808-572-1388 nat@maui.net
PLoS One. 2016 Feb 5;11(2):e0147842. doi: 10.1371/journal.pone.0147842. eCollection 2016.



This pilot study aimed to inform future research evaluating the effectiveness of Platelet Rich Plasma (PRP) injection for tendinopathy.


Randomized control trial (RCT) and synchronous observational cohort studies. For the RCT, consecutive consenting patients treated at an academic sports medicine clinic were randomly assigned to either a PRP or placebo control group.


The Glen Sather Sport Medicine Clinic, Edmonton, Canada.


The RCT included 9 participants with rotator cuff tendinopathy. The cohort study included 178 participants with a variety of tendinopathies.


Patients receiving PRP were injected with 4 ml of platelets into the supraspinatus and/or infraspinatus, while patients in the placebo group were injected with 4ml of saline. All participants undertook a 3-month standardized, home-based, daily exercise program.


Participants in the RCT were re-evaluated 3, and 6 months post-injection. Change scores before and after injection on pain, disability and MRI-documented pathology outcomes were compared. In the cohort study, pain and disability were measured at 1, 2 and 3 months post-injection.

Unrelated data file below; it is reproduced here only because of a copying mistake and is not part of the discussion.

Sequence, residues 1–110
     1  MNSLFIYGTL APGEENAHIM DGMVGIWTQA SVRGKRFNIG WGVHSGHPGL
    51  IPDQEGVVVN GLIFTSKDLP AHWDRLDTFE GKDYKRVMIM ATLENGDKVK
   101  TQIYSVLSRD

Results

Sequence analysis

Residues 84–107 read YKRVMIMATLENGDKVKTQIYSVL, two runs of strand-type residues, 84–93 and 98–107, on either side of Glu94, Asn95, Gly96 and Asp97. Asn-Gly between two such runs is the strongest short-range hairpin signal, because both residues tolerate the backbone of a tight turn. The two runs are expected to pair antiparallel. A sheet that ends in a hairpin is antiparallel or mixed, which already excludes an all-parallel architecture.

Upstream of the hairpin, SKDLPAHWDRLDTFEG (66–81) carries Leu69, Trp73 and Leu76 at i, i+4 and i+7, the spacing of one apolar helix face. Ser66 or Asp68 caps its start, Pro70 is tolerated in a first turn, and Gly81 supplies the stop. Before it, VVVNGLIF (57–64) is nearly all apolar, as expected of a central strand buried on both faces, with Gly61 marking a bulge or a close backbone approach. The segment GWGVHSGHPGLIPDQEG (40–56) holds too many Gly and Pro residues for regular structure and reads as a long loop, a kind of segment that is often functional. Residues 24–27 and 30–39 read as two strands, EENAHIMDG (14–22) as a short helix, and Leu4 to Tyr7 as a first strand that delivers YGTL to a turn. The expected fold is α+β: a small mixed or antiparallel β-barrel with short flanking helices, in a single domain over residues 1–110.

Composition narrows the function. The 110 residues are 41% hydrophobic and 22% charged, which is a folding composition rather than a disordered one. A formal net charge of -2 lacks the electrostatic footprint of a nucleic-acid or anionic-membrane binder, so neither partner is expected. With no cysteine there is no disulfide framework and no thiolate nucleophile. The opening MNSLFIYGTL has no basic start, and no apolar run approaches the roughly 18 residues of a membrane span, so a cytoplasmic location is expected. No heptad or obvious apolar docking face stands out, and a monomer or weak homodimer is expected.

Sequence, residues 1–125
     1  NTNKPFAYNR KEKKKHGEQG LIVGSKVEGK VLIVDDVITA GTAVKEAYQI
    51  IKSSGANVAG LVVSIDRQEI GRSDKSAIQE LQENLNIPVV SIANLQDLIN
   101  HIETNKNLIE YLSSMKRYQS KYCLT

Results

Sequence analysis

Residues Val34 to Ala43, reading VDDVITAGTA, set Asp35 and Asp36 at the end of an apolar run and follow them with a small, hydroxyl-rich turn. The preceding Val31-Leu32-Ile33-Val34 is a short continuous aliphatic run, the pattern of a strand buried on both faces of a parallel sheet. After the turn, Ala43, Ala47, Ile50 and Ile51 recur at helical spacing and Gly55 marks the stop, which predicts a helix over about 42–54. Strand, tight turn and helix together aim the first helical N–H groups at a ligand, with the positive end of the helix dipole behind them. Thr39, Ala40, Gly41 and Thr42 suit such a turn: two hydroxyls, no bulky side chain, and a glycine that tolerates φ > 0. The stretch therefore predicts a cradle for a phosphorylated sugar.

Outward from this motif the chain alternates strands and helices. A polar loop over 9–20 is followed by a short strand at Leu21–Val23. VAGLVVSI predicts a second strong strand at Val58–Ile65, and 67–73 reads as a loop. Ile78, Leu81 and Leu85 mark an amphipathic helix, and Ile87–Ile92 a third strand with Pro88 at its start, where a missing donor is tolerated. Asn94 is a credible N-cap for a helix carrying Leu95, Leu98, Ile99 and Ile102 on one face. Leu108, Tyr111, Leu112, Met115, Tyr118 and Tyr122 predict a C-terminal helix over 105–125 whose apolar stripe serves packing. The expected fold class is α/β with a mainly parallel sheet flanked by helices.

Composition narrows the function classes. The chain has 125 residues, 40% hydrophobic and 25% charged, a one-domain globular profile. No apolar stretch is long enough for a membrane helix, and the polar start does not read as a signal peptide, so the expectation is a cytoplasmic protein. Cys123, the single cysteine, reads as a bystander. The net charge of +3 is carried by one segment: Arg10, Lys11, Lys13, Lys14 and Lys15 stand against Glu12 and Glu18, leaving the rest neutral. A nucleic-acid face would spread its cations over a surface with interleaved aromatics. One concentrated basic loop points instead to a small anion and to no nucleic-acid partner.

For the RCT, 7 participants received PRP and 2 received placebo injections. Patients receiving PRP reported clinically important improvements in pain (>1.5/10 on VAS), disability (>15 point DASH change), and tendon pathology while those receiving placebo injections did not. In the observational cohort, statistically and clinically significant improvements in pain and disability were observed.


This pilot study provides information for planning future studies of PRP effectiveness. Preliminary results indicate intratendinous, ultrasound-guided PRP injection may lead to improvements in pain, function, and MRI-documented tendon pathology.


Controlled-Trials.com ISRCTN68341698.


Orthop Traumatol Surg Res. 2016 Feb;102(1):47-52. doi: 10.1016/j.otsr.2015.11.002. Epub 2016 Jan 7.